( Originally Published 1956 )
Water intoxication is a term which has been used in the past to describe a syndrome in which water is retained in the body in excess of electrolytes. Severe cases are uncommon but significant dilution of body fluids by excess water is frequently observed and, also, frequently misdiagnosed. Actually, there are several syndromes to which the above definition might apply, in all of which serum hypotonicity is characteristic. These include: 1) water retention, 2) primary sodium depletion and 3) symptom-less hypotonicity or asymptomatic hyponatremia in which the cause is unknown (61c). Primary water retention will be discussed here.
Many clinical states may be associated with a reduced ability to excrete water, e.g., organic renal disease, reflex renal ischemia, hypotension and peripheral circulatory failure. Oliguria and water retention may follow trauma and perhaps other forms of stress. The surgical patient is liable to water retention and intoxication if an excessive amount of sodium free water is administered. It has been suggested that anuric patients metabolize large amounts of fat and that this endogenously produced water in-creases body water even if external water and electrolyte balance remain constant. Some surgical patients likewise metabolize considerable amounts of fat. The majority of cases of water intoxication result when excessive fluids are given parenterally or per-rectum, occasionaly from oral intake.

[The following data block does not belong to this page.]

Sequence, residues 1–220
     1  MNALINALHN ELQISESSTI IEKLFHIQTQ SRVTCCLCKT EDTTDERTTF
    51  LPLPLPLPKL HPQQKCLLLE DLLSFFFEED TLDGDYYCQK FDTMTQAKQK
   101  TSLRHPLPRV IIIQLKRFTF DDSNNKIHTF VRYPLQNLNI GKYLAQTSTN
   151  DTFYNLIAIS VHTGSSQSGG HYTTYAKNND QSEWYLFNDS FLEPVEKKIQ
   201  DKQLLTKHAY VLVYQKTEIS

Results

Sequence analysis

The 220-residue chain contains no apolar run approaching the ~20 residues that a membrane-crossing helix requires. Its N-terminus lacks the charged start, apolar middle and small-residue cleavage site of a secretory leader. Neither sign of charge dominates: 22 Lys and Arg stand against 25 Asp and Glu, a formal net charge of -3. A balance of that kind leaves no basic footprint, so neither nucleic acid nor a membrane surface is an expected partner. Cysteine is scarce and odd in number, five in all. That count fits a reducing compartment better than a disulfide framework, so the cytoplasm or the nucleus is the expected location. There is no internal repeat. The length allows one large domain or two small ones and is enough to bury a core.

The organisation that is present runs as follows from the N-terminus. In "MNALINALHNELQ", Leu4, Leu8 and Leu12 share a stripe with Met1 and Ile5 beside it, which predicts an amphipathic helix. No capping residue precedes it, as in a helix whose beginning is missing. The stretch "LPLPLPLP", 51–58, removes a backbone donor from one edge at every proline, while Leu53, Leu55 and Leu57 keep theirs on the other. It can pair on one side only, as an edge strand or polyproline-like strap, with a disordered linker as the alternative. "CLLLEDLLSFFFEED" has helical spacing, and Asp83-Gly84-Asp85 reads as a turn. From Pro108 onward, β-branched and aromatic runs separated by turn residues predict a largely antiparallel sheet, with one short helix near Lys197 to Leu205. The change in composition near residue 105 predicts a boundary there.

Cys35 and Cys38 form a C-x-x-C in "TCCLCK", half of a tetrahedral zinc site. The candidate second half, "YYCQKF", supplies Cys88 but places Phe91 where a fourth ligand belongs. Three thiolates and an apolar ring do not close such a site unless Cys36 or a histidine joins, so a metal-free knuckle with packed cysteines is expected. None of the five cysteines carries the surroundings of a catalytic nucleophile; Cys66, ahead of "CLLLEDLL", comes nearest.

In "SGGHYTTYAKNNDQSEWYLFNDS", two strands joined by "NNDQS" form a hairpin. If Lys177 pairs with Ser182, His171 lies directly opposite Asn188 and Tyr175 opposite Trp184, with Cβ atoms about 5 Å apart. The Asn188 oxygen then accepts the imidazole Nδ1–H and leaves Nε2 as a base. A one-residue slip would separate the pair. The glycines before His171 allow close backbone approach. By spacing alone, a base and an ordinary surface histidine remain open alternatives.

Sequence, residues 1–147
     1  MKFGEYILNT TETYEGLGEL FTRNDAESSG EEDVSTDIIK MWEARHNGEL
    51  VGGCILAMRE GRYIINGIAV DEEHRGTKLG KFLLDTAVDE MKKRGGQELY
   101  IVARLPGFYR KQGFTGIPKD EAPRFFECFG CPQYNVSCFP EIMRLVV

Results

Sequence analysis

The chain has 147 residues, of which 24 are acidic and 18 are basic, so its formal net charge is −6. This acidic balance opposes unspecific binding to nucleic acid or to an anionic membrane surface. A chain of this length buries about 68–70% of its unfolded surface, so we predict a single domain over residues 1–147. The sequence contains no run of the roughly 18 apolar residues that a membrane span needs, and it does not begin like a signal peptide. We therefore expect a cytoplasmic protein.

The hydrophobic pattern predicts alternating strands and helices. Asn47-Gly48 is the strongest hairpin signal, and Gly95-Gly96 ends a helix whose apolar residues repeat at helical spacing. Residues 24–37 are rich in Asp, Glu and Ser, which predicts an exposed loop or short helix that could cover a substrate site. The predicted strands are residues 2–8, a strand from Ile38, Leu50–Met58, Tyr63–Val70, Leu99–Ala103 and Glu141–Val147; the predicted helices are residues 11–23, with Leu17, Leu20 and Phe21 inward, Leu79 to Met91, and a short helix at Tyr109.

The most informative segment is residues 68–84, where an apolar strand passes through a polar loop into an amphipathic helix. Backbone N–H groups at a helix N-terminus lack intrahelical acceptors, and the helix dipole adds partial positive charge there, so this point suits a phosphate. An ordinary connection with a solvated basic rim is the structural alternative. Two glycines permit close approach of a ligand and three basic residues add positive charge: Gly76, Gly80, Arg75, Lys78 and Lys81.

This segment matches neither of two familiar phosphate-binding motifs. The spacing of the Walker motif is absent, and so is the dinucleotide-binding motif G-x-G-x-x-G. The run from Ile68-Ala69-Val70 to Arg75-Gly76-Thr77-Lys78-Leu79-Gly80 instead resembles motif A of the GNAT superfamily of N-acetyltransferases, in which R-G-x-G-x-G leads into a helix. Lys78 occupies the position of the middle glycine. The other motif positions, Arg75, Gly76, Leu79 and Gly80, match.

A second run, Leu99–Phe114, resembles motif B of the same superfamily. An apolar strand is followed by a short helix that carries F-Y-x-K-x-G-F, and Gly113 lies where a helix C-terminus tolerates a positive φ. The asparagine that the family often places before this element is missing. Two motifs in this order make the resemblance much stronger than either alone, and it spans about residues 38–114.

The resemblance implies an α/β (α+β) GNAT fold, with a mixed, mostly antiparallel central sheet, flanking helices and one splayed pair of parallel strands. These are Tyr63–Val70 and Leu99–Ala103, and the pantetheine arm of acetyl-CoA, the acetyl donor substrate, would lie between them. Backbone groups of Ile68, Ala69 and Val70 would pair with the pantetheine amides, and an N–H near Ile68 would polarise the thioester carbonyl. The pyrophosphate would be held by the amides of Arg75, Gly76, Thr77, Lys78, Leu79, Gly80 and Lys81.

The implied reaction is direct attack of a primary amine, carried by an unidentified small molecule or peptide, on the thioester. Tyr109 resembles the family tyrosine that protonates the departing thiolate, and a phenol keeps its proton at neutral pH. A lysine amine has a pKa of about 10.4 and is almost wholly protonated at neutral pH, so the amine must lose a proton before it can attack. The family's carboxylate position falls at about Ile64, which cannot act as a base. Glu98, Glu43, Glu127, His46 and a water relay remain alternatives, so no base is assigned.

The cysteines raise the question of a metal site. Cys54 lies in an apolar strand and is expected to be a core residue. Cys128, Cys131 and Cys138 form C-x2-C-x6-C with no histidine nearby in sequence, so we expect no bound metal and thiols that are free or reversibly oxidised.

The clinical symptoms of acute water intoxication, ac-cording to Wynn, usually begin suddenly with mental disturbances: "Strange behavior, loss of attention, confusion, staring, aphasia, incoordination and sleepiness are interspersed with periods of violent behavior, shouting delirium and extreme muscular weakness." Subsequently, convulsions and coma are observed. In cases of insidious onset, lethargy, prostration, muscle weakness, sleepiness, apathy and disorientation are prominent findings. Occasionally there is anorexia, nausea and vomiting. Signs of water intoxication are largely the reverse of those of sodium depletion. There is gain in weight, normal tissue turgor and elasticity, normal tension of the eyeballs, warm moist skin, normal pulse and normal or slightly elevated blood pressure. Muscle strength is reduced. In coma, plantar reflexes are extensor in type.
Laboratory findings include reduction of hemoglobin and serum protein concentration, reflecting the increase in extracellular fluid and blood volume. An increase in red cell volume is indicated by a decrease in mean corpuscular hemoglobin concentration. Serum sodium and chloride are reduced; serum potassium is low or normal. Serum bicarbonate is moderately reduced and blood urea nitrogen is usually low unless anuria has been a feature of the condition. The sodium and chloride concentration of the urine may be quite high despite the low serum concentration.